This winter has been pretty exciting for truckers, with a couple of blizzards hitting the Midwest and Northeast in late 2022. This new year is already active, with more snow in the forecast making roads slick and trailer roofs heavy with snow. The question is how to remove that white stuff without getting hurt.
The ol’ “drive it at 90 and let it fly off” does not work anymore. Most snow-covered states have removal laws with fines and penalties now. For example, Pennsylvania has passed Christine’s Law, named for Christine Lambert of Palmer Township, Pennsylvania.
She passed away on Christmas Day of 2005 when a large piece of ice dislodged from a passing box truck and crashed through her windshield. Drivers now have 24 hours after snowfall or icing to remove it from the cabs of their trucks and trailers. The bill also sets a $50 fine per offense, and a fine of $200 to $1,500 per offense when snow or ice falls from a moving vehicle and hits another vehicle or pedestrian causing death or serious injury.
Drivers and fleets have snow removal tools at their disposal
There are new tools out on the market to remove snow from trailer roofs. Some options are modified from home snow removal tools and others are permanent emplacements that drivers can use simply by driving through them.
Let’s begin with the simplest human-powered option: the trailer strap. Low-tech, but effective. If you are a team driver, you might have used this method.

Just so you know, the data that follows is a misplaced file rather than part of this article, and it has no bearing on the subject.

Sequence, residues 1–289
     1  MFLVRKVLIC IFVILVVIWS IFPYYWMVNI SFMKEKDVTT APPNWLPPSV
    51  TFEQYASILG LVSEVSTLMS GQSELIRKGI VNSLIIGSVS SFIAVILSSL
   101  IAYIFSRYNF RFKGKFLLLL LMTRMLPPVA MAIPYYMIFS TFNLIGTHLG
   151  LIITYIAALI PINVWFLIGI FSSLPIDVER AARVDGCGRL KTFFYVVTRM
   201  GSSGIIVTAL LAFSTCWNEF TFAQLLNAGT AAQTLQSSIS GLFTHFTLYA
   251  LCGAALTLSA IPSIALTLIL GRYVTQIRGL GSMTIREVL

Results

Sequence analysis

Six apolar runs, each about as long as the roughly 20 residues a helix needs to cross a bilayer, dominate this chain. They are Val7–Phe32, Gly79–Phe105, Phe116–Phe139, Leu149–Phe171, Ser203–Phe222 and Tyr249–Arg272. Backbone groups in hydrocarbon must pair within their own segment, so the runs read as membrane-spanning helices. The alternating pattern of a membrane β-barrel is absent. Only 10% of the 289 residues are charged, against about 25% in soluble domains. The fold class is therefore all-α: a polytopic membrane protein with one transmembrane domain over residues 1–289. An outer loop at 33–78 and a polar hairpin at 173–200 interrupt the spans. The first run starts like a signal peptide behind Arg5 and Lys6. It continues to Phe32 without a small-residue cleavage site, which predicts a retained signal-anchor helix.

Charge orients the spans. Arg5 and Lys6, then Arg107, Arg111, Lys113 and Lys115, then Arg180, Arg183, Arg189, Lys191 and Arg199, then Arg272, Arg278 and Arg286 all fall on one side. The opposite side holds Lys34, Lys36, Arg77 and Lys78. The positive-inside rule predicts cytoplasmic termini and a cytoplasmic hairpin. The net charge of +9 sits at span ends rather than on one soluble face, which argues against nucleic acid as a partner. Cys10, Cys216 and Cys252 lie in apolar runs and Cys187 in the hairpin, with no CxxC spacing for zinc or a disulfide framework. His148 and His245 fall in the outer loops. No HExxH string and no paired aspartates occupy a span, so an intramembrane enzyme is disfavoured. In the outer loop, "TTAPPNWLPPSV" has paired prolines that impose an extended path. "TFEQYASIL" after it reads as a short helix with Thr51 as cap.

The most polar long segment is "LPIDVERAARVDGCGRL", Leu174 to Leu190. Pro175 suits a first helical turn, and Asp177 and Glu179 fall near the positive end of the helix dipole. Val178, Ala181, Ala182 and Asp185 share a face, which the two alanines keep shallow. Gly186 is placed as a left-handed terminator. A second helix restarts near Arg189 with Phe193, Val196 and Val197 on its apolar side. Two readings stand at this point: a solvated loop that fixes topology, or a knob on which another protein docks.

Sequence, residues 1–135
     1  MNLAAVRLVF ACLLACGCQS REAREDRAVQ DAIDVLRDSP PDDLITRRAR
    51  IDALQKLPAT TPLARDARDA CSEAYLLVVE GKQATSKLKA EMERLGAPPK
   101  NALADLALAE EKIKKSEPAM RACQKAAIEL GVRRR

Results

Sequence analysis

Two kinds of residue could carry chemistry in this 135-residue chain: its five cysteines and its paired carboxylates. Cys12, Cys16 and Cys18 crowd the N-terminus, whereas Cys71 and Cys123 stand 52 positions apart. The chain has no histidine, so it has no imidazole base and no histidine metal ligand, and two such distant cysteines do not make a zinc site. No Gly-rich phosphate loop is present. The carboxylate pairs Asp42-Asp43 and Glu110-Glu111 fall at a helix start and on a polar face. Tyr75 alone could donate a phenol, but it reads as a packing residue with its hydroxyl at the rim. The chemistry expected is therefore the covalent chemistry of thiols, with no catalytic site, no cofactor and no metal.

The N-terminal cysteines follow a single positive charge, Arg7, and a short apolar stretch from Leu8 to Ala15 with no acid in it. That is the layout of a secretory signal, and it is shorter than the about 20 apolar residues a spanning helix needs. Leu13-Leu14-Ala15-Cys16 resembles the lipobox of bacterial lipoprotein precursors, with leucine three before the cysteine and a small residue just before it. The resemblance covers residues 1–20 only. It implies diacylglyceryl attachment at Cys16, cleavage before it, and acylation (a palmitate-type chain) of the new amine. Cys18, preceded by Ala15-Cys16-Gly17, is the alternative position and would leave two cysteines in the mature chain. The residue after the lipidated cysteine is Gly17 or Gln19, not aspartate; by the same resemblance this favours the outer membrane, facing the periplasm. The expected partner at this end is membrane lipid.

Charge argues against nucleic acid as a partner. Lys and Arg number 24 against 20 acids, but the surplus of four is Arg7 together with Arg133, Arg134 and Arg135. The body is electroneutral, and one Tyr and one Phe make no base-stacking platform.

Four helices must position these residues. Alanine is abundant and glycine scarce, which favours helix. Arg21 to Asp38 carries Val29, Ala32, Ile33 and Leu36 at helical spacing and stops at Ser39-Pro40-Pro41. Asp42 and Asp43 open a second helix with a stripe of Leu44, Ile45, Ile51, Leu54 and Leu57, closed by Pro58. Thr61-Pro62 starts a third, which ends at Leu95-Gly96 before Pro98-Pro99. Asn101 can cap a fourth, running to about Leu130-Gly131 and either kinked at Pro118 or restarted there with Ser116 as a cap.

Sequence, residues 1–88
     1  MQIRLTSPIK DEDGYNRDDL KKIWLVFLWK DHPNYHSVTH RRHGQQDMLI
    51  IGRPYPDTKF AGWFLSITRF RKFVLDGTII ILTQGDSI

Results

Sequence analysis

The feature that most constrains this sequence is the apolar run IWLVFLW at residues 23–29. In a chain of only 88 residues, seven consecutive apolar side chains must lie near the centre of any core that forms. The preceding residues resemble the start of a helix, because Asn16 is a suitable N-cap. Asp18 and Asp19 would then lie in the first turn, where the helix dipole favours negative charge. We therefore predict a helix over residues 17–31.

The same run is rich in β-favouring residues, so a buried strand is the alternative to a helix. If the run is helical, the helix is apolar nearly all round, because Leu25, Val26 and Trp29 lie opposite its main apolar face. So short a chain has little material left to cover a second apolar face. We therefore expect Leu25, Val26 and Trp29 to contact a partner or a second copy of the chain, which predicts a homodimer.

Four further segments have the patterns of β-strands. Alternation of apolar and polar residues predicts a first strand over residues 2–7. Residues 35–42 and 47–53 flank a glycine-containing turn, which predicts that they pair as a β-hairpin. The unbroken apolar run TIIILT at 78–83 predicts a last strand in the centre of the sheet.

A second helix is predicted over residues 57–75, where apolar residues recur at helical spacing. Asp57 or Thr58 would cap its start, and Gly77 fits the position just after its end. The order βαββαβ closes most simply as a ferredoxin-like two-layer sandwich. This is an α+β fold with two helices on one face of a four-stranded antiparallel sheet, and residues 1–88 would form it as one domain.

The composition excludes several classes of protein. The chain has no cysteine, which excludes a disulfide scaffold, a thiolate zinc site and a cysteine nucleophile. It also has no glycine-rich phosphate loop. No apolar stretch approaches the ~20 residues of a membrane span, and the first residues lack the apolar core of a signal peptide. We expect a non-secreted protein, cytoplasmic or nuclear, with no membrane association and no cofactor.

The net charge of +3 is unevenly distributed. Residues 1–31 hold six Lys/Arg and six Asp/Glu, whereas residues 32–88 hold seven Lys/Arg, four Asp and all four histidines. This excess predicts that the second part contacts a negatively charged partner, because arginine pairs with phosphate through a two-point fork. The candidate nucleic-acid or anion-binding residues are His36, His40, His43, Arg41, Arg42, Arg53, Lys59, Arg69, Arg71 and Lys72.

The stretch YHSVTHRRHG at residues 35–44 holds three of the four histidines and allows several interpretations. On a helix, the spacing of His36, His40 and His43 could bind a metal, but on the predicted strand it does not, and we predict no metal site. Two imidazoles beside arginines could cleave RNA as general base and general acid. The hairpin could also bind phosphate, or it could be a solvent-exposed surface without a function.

Just take a four or six-inch strap, throw it over the top of the trailer, and have your co-driver help you pull it up and down the length of the trailer. It might take a few runs back and forth, but not only is it effective, but great exercise as well.
The next method is adapted from a tool used to pull snow off of your home roof. A trailer rake is basically a snow rake on an angled pole made to reach over the top of the trailer and pull snow off.
A few pulls with this tool and your trailer top will be cleared off and safe for travel. But after a major snowstorm or blizzard, you need something a bit more robust to clear off the ton of snow on the roof.
Permanent snow removal scoops are there for the big snow piles
When a trucker arrives at a trailer and sees a few feet of snow piled on top, the snow rake is not even thought about. You need power equipment and permanent snow scoops to clear off that much snow.
A drive-through snow removal station is an emplacement more commonly seen in the trailer yards in the upper mid-west and northeastern states. Drivers slowly pull their trucks and trailers through the station where a guide, either an operator or some built-in device, lifts a blade or brush just above the surface of the trailer to clear the debris.
What’s left is a small layer of snow that can blow off in a few feet and not miles as typically seen on dash cameras.
Sometimes you need to call in a contractor if a station is not available
If all else fails, call in a professional. While this hurts the wallet the most, a respectful driver or fleet operator will be more than willing to call a contractor.
These businesses are usually around close by, with either a lift to send someone up with a snow shovel or a telehandler with a snow removal blade. While you might argue the cost as being a king’s ransom, it will be far less than the fines and lawsuits a chunk of snow falling off the trailer will bring.